She was no stranger to trouble and mischief, and she had a habit of regularly starting fights with her old enclosure mates, Donya and Savanna. I can't tell you how many times I had to break up scuffles that she started. I would often disapprovingly scold her for being a brat - something she seemed to take rather personally. She would lower her head when she was being given a stern talking to as if she knew she was being a bad girl, but that she also couldn't help herself. Such conflict!
Aside from being spritely and spirited, Kate was also very independent - fully capable of enjoying her time on her terms. Despite her independence, she always welcomed her people-visitors with warmth and affection, and she would look at her people-visitors in a peculiar, analytical, way. Oftentimes when she would look at you, it seemed as if she was bemused and thinking to herself, "What are you all about? What's your story?" as she just sort of soaked your various elements in.
She could be so silly and so in the moment. She would get into these playful moods where she just wanted to snuffle and roll in the sunny grass forever. I would often watch her being beautiful in those moments, but then again, it was difficult for her *not* to be beautiful. In my humble opinion, she was by far one of the most physically beautiful cats in the compound. Yes, I know, all the cats are beautiful, that's true, but you know what I mean. She was gorgeous, but in a subtle way. She was the embodiment of a windswept ember- crackling, and burning, and dancing in the air.
She also had some of the BEST food anticipation faces. Expressed SO much excitement when the tractor came around! Eyes and mouth as wide open as they could go, absolutely adorable!
If she loved you, she loved you. It was a simple transaction. It wasn't conditional, and it wasn't complicated. She was so full of life, and I'm not just talking about her energy level, but how she chose to take it all in. It was so beautiful to be around her, to see her, to learn from her. I miss her.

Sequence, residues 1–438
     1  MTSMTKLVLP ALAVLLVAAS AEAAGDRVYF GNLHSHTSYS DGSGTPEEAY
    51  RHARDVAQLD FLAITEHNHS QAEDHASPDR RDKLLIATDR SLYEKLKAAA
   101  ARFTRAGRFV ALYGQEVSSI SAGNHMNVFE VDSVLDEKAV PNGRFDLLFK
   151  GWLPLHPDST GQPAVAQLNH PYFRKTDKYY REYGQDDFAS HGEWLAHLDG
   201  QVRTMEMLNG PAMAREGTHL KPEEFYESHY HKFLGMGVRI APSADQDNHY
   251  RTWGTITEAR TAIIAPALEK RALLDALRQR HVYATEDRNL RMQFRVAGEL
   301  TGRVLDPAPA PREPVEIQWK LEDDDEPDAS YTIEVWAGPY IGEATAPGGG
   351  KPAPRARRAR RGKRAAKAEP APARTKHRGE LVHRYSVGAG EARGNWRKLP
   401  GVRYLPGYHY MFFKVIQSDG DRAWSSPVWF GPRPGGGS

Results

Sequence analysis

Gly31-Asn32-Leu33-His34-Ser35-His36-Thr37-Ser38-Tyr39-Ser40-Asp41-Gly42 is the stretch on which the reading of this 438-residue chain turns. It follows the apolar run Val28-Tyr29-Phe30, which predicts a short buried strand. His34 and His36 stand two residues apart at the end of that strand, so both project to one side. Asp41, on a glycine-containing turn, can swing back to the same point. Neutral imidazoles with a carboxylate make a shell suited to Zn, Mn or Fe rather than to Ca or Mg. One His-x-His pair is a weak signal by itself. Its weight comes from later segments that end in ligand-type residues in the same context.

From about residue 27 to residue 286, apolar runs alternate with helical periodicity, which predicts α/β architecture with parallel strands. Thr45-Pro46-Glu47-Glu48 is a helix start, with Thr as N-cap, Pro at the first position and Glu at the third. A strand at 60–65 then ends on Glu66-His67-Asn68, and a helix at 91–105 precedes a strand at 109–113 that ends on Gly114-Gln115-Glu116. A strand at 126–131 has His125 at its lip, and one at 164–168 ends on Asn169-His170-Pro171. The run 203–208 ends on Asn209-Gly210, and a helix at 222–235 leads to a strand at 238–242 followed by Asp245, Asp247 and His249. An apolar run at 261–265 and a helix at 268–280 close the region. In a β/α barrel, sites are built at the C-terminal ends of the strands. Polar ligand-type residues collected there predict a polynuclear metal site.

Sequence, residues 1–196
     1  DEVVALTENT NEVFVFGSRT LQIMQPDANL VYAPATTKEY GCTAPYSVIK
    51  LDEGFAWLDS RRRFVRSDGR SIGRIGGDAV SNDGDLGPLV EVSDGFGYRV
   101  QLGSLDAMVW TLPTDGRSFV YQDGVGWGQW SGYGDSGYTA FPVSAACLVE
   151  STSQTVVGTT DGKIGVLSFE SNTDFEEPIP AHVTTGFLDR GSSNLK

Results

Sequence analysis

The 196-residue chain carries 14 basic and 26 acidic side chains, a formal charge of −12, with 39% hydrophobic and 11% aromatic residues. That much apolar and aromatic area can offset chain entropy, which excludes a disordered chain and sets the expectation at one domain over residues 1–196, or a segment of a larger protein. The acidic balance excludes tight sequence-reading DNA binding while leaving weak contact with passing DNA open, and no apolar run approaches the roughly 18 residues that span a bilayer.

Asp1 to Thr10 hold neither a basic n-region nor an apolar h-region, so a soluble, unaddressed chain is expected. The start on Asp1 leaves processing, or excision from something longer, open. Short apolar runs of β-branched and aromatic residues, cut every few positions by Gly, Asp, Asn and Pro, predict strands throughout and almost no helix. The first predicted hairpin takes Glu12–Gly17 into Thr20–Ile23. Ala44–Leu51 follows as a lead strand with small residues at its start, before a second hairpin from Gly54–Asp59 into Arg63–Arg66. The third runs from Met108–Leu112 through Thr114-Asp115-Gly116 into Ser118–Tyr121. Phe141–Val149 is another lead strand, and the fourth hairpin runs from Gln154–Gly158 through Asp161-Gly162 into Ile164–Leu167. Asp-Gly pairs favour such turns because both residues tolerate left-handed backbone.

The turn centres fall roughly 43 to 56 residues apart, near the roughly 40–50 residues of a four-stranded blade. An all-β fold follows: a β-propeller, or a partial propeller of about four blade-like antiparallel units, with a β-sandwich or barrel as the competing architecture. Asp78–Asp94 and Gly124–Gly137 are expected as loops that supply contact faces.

She lived well past her wild life expectancy, and I take comfort in the fact that we gave her the best possible life full of love and safety, but I can't help but think that she was still gone too soon. She was nearing her 15th birthday, a ripe, respectable age just shy of being considered full-blown elderly for a tiger, she was a small girl, and she was in fantastic shape. I took it for granted that we had at least three or four more years to enjoy her whimsical wildness and her sky-meat faces, so when her health declined so rapidly, it was like getting kicked in the chest - brutal and unexpected. Cancer took her when she should have had more gas in her tank. I know it was foolish of me to make assurances in my head regarding a cats' longevity, but I was convinced her spark would make it to 20. I was convinced she would become a happy, hobbly, snuffly little old lady with scruffy cheeks and lights still in her eyes, but that wasn't to be.
This loss will haunt many of us for years to come. A dancing, burning, beautiful ember disappearing into the night's sky.